Guinea fowl farming is an age-old occupation, mostly for smallholder farmers in northern Ghana. Till date, smallholder farmers account for the majority of guinea fowl farmers.
Traditionally, the birds are kept for socio-cultural purposes such as contracting marriage, gift-giving, sacrifices, celebrating guinea fowl festival, and funerals. Farmers also rear them for emergency financial needs.
With the traditional method of rearing guinea fowls, where very few birds are raised, the fowls take at least two years to mature, perhaps due to poor and inadequate skill and infrastructure needed by small-scale farmers.
With modern methods of production, it takes about four months for the birds to mature.
There has been a sharp increase in demand for guinea fowls in Ghana, prompting the need for large-scale production of the bird.
Several interventions in the past by government and non-governmental organisations (NGOs) to scale up the production of guinea fowls in the country have not yet yielded the desired results.
The then Savannah Accelerated Development Authority (SADA) developed a module known as the SADA Guinea Fowl Project.
However, the GH₵15 million project collapsed even before it showed signs of its intended impact.
The Adventist Development and Relief Agency (ADRA), an NGO that works in the area of food security in northern Ghana has supported farmers in three districts in the Northern Region in a pilot guinea fowl project.
The pilot project, which ended in December last year, engaged 300 farmers in 12 communities in the Tolon, Savelugu and Nanton districts.
Joseph Abugre Ayamdoo, who was the project manager for the pilot project, said the project successfully trained the farmers and provided them with 50 keets (young guinea fowls) each to start their own guinea fowl businesses.
German NGO, GIZ, the West African Agricultural Productivity Programme (WAAPP) and a host of other NGOs have intervened to train and support guinea fowl farmers in northern Ghana.
As a result of these interventions, coupled with the increase in demand for the bird, many a youth have developed renewed interest in guinea fowl farming.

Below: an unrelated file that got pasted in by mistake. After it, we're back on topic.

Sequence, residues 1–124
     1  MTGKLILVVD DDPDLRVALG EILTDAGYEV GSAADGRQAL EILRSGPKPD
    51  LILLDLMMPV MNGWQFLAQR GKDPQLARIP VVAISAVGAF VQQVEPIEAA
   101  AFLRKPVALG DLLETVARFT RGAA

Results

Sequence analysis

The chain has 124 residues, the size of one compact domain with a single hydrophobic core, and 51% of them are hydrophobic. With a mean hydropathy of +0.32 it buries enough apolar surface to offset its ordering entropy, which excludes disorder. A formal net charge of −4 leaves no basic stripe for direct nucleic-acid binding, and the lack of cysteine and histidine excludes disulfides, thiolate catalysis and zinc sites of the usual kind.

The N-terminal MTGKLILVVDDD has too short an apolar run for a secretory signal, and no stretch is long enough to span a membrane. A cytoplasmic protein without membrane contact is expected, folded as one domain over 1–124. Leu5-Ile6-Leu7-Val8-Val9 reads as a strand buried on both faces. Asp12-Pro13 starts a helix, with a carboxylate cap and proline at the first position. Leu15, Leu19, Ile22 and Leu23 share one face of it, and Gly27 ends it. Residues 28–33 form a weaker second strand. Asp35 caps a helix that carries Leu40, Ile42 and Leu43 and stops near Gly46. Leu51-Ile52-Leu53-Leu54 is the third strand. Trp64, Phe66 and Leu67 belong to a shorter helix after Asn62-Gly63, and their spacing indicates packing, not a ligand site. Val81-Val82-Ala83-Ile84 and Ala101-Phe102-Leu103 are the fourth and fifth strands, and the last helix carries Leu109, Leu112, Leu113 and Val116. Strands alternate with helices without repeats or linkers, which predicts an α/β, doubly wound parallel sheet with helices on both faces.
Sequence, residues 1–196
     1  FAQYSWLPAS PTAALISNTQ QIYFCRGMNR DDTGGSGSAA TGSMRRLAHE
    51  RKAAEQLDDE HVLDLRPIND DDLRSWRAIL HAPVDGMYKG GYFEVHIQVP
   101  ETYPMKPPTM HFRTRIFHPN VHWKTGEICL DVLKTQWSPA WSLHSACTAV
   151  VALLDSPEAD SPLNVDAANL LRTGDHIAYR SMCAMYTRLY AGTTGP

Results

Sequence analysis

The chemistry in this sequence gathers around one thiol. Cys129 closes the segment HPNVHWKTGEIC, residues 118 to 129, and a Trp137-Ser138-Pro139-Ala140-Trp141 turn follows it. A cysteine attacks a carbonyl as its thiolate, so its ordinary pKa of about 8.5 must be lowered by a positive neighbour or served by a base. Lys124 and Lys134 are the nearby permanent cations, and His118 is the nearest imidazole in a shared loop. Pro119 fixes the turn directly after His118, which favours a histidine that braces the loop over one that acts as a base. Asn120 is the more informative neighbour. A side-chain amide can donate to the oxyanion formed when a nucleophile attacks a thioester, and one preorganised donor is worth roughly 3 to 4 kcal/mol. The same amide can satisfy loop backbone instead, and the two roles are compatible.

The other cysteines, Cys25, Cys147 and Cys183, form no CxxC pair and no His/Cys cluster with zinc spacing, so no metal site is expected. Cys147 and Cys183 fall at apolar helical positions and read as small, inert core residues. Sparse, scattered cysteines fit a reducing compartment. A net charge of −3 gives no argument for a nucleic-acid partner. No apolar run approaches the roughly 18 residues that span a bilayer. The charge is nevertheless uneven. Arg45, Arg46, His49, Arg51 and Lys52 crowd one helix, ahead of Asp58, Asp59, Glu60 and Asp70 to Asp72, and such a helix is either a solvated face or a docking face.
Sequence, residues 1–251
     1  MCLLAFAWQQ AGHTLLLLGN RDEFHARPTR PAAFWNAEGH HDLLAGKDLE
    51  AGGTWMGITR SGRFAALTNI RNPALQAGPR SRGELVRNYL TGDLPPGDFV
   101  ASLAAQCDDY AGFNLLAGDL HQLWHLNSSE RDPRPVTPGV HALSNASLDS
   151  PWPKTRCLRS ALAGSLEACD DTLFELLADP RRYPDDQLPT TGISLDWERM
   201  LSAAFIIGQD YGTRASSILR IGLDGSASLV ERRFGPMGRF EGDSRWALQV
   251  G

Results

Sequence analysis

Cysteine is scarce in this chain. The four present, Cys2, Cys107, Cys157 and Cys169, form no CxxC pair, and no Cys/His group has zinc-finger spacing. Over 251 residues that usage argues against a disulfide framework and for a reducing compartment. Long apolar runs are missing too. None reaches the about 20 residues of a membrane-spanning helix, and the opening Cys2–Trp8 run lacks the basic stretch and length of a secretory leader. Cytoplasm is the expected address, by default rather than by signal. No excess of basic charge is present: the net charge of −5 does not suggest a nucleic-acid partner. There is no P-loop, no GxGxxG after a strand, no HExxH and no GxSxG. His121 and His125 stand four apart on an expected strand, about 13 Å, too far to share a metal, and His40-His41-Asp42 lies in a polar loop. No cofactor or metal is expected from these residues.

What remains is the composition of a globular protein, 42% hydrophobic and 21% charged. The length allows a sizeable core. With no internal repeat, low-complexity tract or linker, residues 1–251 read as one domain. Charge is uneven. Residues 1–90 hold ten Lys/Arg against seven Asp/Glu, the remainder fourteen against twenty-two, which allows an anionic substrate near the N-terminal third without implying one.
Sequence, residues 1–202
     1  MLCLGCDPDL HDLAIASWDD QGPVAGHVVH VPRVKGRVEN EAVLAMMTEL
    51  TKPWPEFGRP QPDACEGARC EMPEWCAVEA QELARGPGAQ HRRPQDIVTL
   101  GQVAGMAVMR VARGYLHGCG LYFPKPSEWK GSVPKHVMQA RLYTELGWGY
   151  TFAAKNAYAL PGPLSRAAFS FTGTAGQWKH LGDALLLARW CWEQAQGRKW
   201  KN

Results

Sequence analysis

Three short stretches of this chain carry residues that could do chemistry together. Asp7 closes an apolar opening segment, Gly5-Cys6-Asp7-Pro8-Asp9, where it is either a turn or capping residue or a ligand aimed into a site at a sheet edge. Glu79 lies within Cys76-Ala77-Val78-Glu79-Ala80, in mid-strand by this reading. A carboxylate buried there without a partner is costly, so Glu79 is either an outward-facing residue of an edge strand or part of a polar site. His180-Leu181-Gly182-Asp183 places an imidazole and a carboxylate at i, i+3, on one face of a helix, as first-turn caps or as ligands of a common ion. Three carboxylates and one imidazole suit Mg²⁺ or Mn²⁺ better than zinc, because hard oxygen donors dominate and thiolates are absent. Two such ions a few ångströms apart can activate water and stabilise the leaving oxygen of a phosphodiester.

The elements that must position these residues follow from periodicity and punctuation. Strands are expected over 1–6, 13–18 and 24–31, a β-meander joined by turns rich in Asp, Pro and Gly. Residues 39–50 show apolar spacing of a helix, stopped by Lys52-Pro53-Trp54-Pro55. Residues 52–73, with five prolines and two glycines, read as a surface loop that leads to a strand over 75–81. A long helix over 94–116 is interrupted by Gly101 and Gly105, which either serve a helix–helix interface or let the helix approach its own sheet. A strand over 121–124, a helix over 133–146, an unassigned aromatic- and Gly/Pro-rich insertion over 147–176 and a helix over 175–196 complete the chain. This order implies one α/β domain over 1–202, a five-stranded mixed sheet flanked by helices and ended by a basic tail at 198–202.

The daunting challenges in the business have, however, been a disincentive.
The few who have ventured into the business say they have not been able to make any meaningful progress as a result of the challenges.
Many believe the industry holds the potential to alleviate poverty in the northern part of Ghana through the creation of thousands of jobs for the youth.
Francis Prempeh, a guinea fowl farmer at Garizegu in the Tamale Metropolis, has been in the business since 1999. According to him, guinea fowl farming is a profitable venture.
Through the business, he has been able to put up a two-bedroom apartment with adjoining structures for the guinea fowl business.
“Imagine I buy 1,000 guinea fowl eggs at GH₵0.5, that will be GH₵500. Assuming only 200 of the fowls survive and mature, and even if I sell each of them GH₵20, I will make GH₵4,000. You will need less than GH₵2,000 to feed and take care of them. So you can imagine the profit you will make within four months. There is money in guinea fowl [business],” he explained.
On the challenges, Mr. Prempeh explains that his farm, which has only two employees at the moment, would have been bigger than it is currently.
He was fortunate to secure GH₵18,000 from SADA to supply 3,000 birds under the SADA Guinea Fowl Project, but after the project collapsed, he has since been struggling with the business.
He mentioned inadequate capital, lack of infrastructure, high mortality rate among keets, and lack of equipment such as quality incubators as some of the challenges they face.
Mr Prempeh explains that banks are not willing to grant them loans, citing high keets mortality rate and the risk of farmers defaulting.
“We are not able to access money from the bank because the banks have branded guinea production a no-go area. The banks always say the fowls can die. Moreover, even if the banks are willing to grant you loan, you can’t even meet the collateral terms. That is why we are creeping in this business and not able to expand,” he lamented.
Commenting on the challenges in the industry, Mr Ayamdoo said difficulty in harmonising the efforts of all stakeholders in the guinea fowl industry for the greater good was one of the biggest challenges facing the sector. He mentioned high cost of inputs such as vaccines, medicines and feed as part of the challenges militating against the progress of the industry.